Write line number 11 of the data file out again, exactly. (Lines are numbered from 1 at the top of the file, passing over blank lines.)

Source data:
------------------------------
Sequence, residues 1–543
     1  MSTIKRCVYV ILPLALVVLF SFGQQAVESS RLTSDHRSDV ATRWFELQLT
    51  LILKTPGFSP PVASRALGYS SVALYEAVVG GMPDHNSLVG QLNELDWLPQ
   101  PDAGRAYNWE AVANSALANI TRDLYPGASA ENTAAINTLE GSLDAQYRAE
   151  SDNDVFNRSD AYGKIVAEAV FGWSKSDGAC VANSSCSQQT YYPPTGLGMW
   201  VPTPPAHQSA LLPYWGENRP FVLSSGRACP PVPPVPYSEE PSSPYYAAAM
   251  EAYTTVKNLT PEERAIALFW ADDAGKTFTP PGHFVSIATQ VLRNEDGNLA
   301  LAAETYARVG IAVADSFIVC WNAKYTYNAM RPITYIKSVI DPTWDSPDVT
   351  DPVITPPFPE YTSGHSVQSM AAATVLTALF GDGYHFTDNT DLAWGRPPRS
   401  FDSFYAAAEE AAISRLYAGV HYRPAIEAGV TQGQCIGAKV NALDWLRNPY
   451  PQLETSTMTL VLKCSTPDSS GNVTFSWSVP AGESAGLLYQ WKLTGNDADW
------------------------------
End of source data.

   451  PQLETSTMTL VLKCSTPDSS GNVTFSWSVP AGESAGLLYQ WKLTGNDADW